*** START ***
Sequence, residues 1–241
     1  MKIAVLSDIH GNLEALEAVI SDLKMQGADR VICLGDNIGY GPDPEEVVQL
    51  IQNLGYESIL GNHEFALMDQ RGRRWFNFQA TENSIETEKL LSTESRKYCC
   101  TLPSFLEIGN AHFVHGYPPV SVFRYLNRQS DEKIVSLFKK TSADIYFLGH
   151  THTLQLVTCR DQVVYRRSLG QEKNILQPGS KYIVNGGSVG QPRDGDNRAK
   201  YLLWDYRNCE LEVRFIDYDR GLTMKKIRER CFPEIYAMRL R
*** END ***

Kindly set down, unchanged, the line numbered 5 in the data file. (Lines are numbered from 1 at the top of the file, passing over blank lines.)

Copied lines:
   151  THTLQLVTCR DQVVYRRSLG QEKNILQPGS KYIVNGGSVG QPRDGDNRAK